Costello quantifies, Murphey describes lobbyist influence in Oklahoma

| | TrackBacks (0)

MoneyNo commentary from me tonight, but I want you to read an excellent post by State Representative Jason Murphey on how lobbyist influence works and how state Labor Commissioner Mark Costello, who refuses to take campaign contributions from lobbyists, has documented their shifting influence.

Here's Costello on the numbers:

"In 2010, when Republicans held a majority in both chambers, the public employees' PAC contributed $102,750 to Republican candidates. This compares to only $57,750 donated to Democrat candidates in the same year.

"Until we became a majority in the legislature, the public employees' PAC was a long-time political enemy of Republicans; in 2004 the OPEA contributed $86,143 to Democrats in an effort to prevent Republicans from gaining a majority of House seats while contributing $2,500 to a handful of Republicans - a 34 to 1 ratio for Democrats. We won - they lost."

Making the important point that you don't need lobbyist dollars to win an election.

Now here's Murphey:

Since this last legislative week was the first week of the legislative session much of the work was in committees. Lobbyists aggressively work to influence the bills in the committee process because this is the vital first step to passing or defeating a bill. These lobbyists will fill committee meetings, feed questions to the members of the committee who are carrying water for them and will put great pressure on the other members to vote their way. They are professional relationship manipulation experts, and expert strategists and they know the pressure points to push to get a key lawmaker's vote. Their attempts to kill a good bill appear to be rather like a game to them. A team of lobbyist can point to a dead bill much like a trophy and use it as a warning to other legislators who might try to upset their deal. Anyone who believes those big campaign contributions don't factor into the voting consideration of some of the legislators is very much out of touch.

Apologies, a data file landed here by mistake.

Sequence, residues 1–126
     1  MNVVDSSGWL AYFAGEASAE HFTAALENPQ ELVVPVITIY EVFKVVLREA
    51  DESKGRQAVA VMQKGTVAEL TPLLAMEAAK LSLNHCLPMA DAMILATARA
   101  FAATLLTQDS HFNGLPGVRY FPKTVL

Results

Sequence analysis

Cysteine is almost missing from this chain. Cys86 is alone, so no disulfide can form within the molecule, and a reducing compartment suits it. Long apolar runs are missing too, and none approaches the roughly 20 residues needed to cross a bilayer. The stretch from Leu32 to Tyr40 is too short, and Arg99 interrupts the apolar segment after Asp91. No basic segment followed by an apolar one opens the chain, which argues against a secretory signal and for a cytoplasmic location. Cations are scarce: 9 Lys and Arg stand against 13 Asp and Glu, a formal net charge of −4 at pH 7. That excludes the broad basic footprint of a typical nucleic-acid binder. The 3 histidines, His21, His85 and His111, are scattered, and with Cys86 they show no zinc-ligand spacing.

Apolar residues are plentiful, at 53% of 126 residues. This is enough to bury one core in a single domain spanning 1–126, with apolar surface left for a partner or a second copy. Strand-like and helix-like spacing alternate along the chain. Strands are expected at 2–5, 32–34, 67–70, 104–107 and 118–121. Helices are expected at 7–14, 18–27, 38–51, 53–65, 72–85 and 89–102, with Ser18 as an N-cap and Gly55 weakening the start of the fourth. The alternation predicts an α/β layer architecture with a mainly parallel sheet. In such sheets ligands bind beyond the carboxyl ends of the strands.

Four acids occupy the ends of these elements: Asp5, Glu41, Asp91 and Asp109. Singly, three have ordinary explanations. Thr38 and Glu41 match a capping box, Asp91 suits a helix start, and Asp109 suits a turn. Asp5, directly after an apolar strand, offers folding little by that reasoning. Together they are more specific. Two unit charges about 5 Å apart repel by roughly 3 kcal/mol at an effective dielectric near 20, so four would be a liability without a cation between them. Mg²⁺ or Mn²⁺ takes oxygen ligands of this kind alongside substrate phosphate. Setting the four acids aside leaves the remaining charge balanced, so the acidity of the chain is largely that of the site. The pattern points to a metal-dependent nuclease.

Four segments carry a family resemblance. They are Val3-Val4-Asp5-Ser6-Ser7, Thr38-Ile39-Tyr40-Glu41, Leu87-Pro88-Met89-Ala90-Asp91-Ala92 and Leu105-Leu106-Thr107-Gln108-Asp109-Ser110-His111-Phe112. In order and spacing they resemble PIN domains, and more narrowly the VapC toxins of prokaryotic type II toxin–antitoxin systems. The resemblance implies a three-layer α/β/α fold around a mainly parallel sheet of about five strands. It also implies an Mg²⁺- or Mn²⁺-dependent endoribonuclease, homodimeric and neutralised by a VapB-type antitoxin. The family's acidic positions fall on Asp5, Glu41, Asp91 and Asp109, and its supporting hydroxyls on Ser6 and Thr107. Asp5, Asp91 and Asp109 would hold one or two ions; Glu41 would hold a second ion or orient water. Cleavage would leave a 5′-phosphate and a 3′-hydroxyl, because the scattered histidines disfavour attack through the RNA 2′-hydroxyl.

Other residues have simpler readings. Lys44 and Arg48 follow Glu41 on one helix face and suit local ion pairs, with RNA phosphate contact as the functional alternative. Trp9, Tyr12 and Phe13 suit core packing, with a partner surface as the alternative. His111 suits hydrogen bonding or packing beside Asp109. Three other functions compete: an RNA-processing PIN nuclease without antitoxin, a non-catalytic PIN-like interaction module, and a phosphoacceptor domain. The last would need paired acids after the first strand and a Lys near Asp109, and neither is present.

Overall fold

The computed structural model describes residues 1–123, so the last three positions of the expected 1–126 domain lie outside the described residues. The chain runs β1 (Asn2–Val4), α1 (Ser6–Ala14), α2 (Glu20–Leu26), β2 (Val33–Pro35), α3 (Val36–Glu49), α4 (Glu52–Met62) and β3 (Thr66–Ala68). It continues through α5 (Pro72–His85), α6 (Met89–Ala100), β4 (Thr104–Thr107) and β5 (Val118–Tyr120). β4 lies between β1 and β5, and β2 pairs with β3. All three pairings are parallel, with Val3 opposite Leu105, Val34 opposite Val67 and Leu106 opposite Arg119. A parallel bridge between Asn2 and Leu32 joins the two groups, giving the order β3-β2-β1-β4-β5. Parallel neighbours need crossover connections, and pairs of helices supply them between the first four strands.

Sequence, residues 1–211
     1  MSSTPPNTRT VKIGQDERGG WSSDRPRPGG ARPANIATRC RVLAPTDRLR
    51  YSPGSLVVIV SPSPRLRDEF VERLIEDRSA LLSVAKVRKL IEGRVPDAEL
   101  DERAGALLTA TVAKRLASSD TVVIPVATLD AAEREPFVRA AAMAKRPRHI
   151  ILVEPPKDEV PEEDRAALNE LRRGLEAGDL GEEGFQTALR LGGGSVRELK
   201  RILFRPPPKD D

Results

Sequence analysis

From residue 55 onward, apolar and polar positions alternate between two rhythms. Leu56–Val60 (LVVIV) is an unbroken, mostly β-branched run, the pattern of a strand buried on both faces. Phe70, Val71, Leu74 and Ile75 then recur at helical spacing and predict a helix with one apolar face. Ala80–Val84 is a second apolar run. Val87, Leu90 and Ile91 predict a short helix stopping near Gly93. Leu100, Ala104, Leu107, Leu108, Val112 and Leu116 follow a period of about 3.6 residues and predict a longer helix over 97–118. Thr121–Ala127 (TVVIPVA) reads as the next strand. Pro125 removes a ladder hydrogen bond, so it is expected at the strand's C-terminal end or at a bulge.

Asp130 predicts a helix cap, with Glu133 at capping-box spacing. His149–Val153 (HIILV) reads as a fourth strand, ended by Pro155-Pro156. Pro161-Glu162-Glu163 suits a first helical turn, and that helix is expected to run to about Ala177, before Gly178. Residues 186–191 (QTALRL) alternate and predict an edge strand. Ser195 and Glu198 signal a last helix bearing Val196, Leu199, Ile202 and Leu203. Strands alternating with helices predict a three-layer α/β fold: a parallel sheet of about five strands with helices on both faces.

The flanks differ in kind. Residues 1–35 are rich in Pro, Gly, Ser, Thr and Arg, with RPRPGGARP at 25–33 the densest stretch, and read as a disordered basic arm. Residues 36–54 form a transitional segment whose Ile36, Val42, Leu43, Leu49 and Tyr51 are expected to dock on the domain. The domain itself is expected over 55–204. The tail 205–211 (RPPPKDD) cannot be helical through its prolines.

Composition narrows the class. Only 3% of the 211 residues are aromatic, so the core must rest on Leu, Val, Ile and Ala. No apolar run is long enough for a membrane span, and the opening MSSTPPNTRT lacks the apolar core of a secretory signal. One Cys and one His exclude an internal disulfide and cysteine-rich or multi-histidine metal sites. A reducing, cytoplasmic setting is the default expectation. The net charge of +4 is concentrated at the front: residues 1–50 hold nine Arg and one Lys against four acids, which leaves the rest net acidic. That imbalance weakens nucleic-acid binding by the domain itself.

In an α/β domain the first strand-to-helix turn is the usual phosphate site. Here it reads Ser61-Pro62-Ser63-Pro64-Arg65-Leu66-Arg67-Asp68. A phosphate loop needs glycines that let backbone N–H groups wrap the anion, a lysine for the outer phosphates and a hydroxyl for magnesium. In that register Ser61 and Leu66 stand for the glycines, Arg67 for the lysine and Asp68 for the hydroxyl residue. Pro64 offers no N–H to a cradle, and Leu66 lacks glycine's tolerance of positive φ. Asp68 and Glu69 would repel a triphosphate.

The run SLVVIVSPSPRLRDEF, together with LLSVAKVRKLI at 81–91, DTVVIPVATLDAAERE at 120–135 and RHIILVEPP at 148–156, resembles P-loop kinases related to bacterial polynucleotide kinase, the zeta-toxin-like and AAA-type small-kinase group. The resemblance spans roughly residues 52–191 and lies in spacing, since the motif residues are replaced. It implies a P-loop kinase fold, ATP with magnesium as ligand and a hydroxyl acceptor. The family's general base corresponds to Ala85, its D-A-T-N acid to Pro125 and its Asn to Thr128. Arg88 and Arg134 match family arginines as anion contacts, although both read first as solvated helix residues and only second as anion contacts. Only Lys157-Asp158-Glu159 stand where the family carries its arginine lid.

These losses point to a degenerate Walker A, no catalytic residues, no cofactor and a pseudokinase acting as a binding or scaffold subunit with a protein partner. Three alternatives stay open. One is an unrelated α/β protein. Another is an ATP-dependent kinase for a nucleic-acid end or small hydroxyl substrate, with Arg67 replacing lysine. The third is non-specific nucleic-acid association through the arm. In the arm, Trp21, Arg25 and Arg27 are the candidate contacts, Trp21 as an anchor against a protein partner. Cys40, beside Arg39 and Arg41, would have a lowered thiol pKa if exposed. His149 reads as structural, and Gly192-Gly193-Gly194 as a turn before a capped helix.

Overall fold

Read the whole thing.

Photo by Flickr user 401K. Visit their site at

0 TrackBacks

Listed below are links to blogs that reference this entry: Costello quantifies, Murphey describes lobbyist influence in Oklahoma.

TrackBack URL for this entry:

About this Entry

This page contains a single entry by Michael Bates published on February 15, 2012 9:51 PM.

Oklahoma's lovely new election night reporting system was the previous entry in this blog.

Paper Tulsa is the next entry in this blog.

Find recent content on the main index or look in the archives to find all content.



Subscribe to feed Subscribe to this blog's feed:
[What is this?]